influx write -b my-bucket -f ./stock-prices-example.csv \ --header "#constant measurement,stocks" \ --header "#datatype dateTime:2006-01-02,tag,double,double,double,double,double"
Note: This influx write command takes roughly around 12-15 seconds to complete. To print the run time duration in the results printout of importing the data, add this “dry run” script to the query: time influx write -b my-bucket
Visualize time series data in Grafana Explorer
To get started with creating your dashboard, choose InfluxDB as your data source using the dropdown selector:
Query and visualizing
Run the following Flux query
from(bucket: "my-bucket") |> range(start: 2016-01-01T00:00:00Z, stop: 2016-01-31T00:00:00Z) |> filter(fn: (r) => r["_measurement"] == "stocks") |> filter(fn: (r) => r["symbol"] == "AAPL") |> aggregateWindow(every: 1d, fn: mean, createEmpty: false) |> yield(name: "mean")
The graph area is still empty because the result is out of data range. Click on the
Zoom to data button to see the AAPL raw data in the right time range, January 2016.
Note: Adapting time frame of queries to user needs is streamlined in the Grafana UI. Making an adjustment to data time range in Grafana UI is interactive and simple to adjust (see figure below).
Create your first Grafana dashboard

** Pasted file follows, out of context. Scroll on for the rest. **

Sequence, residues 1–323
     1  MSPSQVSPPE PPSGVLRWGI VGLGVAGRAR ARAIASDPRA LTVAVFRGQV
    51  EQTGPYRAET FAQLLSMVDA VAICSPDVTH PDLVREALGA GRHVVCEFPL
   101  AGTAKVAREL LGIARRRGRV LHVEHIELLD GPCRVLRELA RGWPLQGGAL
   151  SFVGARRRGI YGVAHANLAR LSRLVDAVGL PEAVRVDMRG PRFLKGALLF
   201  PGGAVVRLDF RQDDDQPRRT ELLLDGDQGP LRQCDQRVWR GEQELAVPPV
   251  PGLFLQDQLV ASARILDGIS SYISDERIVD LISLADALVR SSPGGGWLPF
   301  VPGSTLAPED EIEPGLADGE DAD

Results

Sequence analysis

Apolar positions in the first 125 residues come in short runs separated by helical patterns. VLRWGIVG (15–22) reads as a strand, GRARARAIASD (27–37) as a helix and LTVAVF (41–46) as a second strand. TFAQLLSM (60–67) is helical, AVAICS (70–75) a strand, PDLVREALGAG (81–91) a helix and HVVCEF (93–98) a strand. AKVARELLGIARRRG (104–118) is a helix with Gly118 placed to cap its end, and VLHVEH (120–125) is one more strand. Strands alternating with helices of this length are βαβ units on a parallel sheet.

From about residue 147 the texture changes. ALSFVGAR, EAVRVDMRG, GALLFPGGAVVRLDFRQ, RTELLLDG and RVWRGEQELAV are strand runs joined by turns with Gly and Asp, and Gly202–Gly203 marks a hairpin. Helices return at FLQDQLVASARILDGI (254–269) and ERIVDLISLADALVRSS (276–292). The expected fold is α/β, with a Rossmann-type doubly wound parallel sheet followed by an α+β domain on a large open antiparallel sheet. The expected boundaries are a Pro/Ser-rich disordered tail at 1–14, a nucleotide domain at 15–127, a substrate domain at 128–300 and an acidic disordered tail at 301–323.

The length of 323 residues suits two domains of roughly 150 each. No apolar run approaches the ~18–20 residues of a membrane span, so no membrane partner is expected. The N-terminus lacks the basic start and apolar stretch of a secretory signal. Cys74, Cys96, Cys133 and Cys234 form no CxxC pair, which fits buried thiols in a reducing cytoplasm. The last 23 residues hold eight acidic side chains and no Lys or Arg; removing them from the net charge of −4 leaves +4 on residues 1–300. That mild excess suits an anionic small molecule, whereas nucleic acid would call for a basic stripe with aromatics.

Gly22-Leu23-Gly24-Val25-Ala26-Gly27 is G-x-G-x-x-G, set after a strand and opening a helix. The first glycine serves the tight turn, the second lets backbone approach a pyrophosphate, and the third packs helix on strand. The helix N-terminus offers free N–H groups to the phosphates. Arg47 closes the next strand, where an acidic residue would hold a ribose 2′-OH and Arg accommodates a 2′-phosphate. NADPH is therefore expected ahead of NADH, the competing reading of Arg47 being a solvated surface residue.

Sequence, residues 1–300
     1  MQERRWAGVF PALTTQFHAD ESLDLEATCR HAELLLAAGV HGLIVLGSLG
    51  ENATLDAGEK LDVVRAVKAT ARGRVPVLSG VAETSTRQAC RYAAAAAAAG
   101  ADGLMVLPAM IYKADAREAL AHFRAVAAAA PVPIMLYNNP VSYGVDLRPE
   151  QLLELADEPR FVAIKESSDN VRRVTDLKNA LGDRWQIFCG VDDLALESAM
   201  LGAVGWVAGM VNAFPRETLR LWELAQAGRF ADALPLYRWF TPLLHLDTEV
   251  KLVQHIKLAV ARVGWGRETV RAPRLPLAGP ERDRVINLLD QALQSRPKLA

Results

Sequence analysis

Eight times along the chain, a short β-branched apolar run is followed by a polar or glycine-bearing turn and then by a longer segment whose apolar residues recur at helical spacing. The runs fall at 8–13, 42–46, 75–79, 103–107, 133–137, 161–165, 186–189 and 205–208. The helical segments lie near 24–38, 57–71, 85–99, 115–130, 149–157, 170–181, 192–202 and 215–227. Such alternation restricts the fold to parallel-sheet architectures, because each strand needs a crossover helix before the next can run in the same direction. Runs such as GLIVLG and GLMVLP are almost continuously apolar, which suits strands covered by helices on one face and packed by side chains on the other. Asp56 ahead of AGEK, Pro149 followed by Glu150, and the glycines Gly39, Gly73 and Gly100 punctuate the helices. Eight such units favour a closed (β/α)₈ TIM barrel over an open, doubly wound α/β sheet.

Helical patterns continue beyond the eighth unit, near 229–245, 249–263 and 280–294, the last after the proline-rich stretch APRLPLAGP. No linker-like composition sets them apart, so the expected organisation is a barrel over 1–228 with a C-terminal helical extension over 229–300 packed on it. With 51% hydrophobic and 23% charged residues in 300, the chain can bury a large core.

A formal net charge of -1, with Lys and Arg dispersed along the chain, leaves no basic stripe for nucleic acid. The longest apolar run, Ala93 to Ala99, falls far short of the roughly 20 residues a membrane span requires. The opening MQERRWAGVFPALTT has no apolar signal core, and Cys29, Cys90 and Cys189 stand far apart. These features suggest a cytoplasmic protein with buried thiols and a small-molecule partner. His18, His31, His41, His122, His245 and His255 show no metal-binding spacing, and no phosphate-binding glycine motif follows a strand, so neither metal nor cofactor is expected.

Click on the
Add to Dashboard button located at the top of the page.
Message box with options appears. Select New Dashboard and open the Grafana Dashboard in a New Window not to lose the Explorer tab.
After the new browser tab opens:
eon your keyboard, wait a few seconds, and the edit mode of the Panel will appear on the page.
Select Candlestick type on the right side.
Modify the previous Flux command, and extend the time range on line 2 from
Click the Apply button.
To zoom out, you can use the magnifying glass button with a minus sign in the Grafana toolbar. The keyboard shortcut is
To zoom in, select a bigger time range with your mouse or just use the time range selector (dropdown control).
Enter edit mode and try out other possibilities. Enjoy your new dashboard.
Doing more with Grafana dashboards and Flux
Using Flux with Grafana provides a number of options and functionality that aren’t possible using other query languages, such as joining data from multiple sources and doing advanced manipulation and transformation of your data before returning the query.
Joins - create graphs that span multiple buckets. For example, you might want a Grafana chart that displays both bytes transferred and requests per second; Flux allows you to query these two measurements and join them into a single table.
Multiple data sources - enrich time series data with metadata from relational databases such as MySQL, MariaDB, Postgres, Microsoft SQL Server, Snowflake, SQLite, AWS Athena, and Google BigTable; or from CSV files. This is useful when, for example, your time series data includes customer number fields but not customer names. Flux allows you to pull in the customer name so that it can be displayed in your Grafana dashboards.
Some additional Flux features you might find useful:
Additional resource on using InfluxDB and Grafana: How to Integrate Grafana with Home Assistant